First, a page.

Keyword: Wolfgang Schauble

Hollande to meet Merkel as France reacts to Brexit

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Brexit crisis: Hollande has been on the phone to other EU leaders, in this case Greek premier Alexis Tsipras. © (Elysée) Brexit crisis: Hollande has been on the phone to other EU leaders, in this case Greek premier Alexis Tsipras. © (Elysée)

News of the British vote to leave the European Union has caused considerable shock in France, one of the founding fathers of the European project. President François Hollande has called for immediate action to revitalise the EU and after meetings with ministers on Friday will meet with Italian premier Matteo Renzi in Paris this weekend and with German chancellor Angela Merkel in Berlin on Monday. On Tuesday the French Parliament will also debate the likely impact of Brexit on France and Europe in general. Lénaïg Bredoux reports.

Brexit, a welcome catastrophe

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A London taxi driver celebrates the Brexit victory. © Reuters A London taxi driver celebrates the Brexit victory. © Reuters

The British 'no' vote in the referendum on the European Union marks the victory of the extreme right, represented by the repugnant Nigel Farage and his UKIP party. In that sense it is a tragedy. But this 'no' vote also signs the death warrant of a European Union that has turned away from its citizens. Now the whole European project needs to be rebuilt and Mediapart's editor François Bonnet wonders whether that isn't good news...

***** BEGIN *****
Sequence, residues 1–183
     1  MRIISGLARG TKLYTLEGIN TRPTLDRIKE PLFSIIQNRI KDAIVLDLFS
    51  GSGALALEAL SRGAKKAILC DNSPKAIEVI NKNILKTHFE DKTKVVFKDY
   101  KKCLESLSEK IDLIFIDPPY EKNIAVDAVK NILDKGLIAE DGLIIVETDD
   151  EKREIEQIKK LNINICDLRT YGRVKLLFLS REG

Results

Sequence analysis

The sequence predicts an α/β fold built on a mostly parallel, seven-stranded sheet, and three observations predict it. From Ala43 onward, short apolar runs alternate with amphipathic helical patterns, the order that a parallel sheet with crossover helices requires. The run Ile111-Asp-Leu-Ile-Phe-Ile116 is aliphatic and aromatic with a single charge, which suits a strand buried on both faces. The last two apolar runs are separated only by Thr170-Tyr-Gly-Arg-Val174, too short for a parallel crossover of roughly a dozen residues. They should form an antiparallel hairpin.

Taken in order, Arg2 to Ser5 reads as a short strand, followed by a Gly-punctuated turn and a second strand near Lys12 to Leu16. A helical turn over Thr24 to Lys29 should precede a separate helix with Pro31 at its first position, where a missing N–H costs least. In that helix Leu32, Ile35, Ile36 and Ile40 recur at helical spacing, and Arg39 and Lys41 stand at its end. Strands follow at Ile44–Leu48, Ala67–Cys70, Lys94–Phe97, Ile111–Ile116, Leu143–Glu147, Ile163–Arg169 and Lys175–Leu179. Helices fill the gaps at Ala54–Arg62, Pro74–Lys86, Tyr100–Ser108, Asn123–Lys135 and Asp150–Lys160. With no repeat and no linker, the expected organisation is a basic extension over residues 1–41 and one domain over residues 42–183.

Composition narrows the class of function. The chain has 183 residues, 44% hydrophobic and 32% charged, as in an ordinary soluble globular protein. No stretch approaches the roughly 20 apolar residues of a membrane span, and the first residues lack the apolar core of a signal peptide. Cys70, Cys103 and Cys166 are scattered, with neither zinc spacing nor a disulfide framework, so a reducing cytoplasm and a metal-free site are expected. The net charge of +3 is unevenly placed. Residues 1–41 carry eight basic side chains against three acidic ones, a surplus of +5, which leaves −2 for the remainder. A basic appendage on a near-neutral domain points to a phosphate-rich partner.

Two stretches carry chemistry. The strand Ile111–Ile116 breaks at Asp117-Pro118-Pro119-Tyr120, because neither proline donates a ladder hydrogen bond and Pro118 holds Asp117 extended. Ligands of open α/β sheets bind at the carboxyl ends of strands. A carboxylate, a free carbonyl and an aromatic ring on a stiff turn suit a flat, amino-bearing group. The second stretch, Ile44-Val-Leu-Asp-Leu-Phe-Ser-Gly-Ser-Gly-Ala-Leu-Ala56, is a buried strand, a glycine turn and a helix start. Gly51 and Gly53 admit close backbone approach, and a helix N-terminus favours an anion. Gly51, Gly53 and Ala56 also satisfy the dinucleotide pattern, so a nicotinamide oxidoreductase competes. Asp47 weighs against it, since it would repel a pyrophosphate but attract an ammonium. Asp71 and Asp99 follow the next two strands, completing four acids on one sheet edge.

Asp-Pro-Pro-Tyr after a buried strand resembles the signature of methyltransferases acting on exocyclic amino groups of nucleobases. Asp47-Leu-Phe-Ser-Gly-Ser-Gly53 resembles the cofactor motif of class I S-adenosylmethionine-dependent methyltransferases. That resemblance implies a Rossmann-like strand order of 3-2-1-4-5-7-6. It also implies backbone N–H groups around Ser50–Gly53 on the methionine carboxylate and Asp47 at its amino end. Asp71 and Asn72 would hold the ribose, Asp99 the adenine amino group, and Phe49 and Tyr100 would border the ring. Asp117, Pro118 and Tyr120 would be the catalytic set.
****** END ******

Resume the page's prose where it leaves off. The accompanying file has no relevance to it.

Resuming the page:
Europe's 'secret hand' in France's divisive labour law

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Crucial meeting? French and German finance and economy ministers meeting in Berlin, October 2014. © france-allemagne.fr Crucial meeting? French and German finance and economy ministers meeting in Berlin, October 2014. © france-allemagne.fr

The French government’s labour law reform bill, now being debated in the Senate, has prompted fierce opposition from several trades unions, massive demonstrations across the country, and a deep political and social crisis. Opinion polls show a majority of the population are opposed to the bill, which reduces current protection for employees with measures that include easing conditions for firing staff and placing a ceiling on compensation sums awarded by industrial tribunals. But the government is adamant it will not negotiate the bill's contents. Martine Orange investigates the reasons for its unusual intransigence, and discovers evidence that the most controversial texts of the bill were demanded by European Union economic liberals.